1. There is prima facie materials as reflected from the papers of the investigation to indicate that the applicants obtained the grant by practicing fraud. The matter does not rest over here. There are allegations that the amount received by the trust by way of grant was not used in the project but the same came to be misappropriated by the applicants herein for their personal use. This seems to be the crux of the allegations against the applicants. Therefore, in my view, the applicants are not entitled to seek anticipatory bail only by levelling allegations of mala fides and political bias.
  2. I was inclined to reject this application only on the ground of the criminal antecedents of the applicants as pointed out by the State in its affidavit, duly affirmed by the Addl. Deputy Commissioner of Police, Crime Branch, Ahmedabad.
  3. The grant of anticipatory bail to the applicants shall not preclude the Investigating Officer to pray for police remand if during the course of the investigation it is found that custodial interrogation is necessary on any particular aspect of the matter.”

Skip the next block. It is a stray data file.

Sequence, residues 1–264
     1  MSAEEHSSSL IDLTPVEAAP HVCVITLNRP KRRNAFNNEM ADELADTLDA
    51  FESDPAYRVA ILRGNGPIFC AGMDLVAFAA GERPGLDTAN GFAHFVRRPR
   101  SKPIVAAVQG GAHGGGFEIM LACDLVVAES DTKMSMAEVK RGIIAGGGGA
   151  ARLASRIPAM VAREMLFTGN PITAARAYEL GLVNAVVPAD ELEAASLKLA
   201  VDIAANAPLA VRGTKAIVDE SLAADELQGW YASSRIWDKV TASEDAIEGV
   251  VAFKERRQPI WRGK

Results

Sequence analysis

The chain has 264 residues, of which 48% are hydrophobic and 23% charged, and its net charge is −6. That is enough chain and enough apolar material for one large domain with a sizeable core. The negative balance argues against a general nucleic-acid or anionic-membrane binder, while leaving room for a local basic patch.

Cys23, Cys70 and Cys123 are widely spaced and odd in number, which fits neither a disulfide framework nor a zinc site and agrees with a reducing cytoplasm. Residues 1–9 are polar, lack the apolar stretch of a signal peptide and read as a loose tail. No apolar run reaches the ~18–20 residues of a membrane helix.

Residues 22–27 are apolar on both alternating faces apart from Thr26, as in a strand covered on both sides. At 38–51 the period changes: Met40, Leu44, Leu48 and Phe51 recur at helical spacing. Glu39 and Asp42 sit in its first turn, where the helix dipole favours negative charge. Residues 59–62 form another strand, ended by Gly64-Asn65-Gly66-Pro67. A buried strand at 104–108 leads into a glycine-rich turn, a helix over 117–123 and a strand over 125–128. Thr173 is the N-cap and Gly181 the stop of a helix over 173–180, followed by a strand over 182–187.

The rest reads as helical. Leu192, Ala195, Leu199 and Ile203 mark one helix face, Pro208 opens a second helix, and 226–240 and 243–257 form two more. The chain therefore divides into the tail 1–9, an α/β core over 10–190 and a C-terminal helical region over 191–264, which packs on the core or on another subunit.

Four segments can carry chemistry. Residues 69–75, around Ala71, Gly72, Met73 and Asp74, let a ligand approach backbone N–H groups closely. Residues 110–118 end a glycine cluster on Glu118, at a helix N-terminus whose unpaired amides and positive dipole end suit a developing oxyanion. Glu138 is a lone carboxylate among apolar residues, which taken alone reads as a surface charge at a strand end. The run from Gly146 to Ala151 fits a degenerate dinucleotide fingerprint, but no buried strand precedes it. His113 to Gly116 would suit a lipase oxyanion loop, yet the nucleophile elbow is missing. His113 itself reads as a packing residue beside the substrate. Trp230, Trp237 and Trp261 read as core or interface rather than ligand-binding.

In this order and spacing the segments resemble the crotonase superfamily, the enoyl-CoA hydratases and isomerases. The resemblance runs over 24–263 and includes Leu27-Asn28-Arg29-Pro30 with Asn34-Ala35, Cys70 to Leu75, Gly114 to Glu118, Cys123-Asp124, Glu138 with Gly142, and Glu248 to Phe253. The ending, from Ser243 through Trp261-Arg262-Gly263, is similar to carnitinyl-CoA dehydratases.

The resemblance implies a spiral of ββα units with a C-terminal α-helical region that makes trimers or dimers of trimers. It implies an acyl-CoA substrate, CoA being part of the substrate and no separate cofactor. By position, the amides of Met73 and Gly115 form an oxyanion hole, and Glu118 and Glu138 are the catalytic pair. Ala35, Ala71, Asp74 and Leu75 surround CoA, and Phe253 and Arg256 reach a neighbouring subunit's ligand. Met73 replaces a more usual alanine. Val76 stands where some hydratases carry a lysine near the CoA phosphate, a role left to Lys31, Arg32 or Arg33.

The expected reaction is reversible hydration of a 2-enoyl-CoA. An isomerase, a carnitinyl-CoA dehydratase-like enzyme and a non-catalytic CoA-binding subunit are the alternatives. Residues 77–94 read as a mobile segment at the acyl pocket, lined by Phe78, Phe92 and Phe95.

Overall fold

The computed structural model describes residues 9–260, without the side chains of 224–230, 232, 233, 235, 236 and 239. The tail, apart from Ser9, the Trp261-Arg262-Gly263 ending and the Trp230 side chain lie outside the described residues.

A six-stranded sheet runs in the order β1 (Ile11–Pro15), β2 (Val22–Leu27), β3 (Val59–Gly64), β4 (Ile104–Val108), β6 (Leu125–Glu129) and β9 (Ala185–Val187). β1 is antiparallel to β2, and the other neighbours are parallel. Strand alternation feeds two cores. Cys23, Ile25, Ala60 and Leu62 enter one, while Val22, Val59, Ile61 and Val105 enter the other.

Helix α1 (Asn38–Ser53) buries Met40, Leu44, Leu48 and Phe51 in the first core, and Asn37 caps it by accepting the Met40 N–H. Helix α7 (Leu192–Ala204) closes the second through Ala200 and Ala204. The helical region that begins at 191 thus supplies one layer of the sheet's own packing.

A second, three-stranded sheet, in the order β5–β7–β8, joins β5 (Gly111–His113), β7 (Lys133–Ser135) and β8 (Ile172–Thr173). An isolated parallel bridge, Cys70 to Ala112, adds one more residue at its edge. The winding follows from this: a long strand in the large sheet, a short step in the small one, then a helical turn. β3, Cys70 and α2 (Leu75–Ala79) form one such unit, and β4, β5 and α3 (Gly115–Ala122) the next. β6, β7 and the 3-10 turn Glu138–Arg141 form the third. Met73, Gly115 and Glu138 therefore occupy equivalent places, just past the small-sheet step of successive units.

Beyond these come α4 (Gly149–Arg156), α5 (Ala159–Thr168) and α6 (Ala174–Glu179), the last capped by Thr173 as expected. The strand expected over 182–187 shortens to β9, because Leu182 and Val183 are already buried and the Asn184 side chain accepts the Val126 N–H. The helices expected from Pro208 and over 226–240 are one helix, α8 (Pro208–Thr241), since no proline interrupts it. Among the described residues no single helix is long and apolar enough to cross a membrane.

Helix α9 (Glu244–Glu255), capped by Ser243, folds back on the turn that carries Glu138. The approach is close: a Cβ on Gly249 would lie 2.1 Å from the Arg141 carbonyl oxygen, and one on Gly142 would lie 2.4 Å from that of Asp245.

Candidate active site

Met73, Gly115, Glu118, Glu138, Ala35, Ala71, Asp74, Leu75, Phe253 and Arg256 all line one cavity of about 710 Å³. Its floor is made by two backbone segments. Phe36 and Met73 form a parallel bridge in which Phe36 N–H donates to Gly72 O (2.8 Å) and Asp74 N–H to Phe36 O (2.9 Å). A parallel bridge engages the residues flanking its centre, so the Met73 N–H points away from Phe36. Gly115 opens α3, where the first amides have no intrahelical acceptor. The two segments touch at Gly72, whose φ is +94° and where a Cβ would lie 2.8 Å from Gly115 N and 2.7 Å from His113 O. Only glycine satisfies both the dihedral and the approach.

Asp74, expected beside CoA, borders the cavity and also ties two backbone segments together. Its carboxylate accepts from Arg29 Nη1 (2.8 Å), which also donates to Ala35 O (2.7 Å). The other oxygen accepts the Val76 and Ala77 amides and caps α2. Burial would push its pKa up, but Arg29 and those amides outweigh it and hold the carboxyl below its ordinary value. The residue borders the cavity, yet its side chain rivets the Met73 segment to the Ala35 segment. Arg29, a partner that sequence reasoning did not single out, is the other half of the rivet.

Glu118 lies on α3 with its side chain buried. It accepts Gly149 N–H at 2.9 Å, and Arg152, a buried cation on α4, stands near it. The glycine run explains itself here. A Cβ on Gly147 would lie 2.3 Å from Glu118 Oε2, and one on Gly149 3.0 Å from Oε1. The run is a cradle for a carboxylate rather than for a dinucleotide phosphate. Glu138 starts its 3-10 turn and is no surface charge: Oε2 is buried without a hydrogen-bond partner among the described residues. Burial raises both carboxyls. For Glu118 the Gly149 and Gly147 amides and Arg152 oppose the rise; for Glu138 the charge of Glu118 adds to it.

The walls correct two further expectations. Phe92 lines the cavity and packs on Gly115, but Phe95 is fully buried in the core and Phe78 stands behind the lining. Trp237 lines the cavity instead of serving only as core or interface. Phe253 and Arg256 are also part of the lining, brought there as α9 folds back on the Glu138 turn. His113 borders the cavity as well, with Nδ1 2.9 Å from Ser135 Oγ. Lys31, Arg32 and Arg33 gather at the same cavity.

How could the High Court have arrived at a tentative conclusion about the guilt of the accused when the trial had not really begun, asked Senior Advocate C U Singh. He also submitted a detailed chart on the tranche of evidence Setalvad and Anand had already provided to the investigating agencies to prove their innocence.

On the urging of counsel, the Supreme Court said that the aforementioned comments of the high court should not be given effect to.


Tushar Mehta, appearing for the Gujarat Police, said there are other matters pending in the apex court relating to Setalvad and her husband, and all those can be heard together.

Taking note of the submission, the bench issued notice on the cross-appeals in the case, and tagged them with the matter in which the couple is accused of embezzlement of funds collected for the victims of the riots of Gulbarga society in Ahmedabad, that is, with Criminal Appeal No.338 of 2015.

Case background

Setalvad and her husband in the past have denied all allegations, contending that they have been targeted by the state government for fighting the cause of the victims of post-Godhra riots.

The apex court on Monday was dealing with the case in which FIR was registered on March 31, 2018, against Setalvad and her husband for allegedly securing central government funds worth Rs 1.4 crore “fraudulently” for their NGO Sabrang between 2010 and 2013.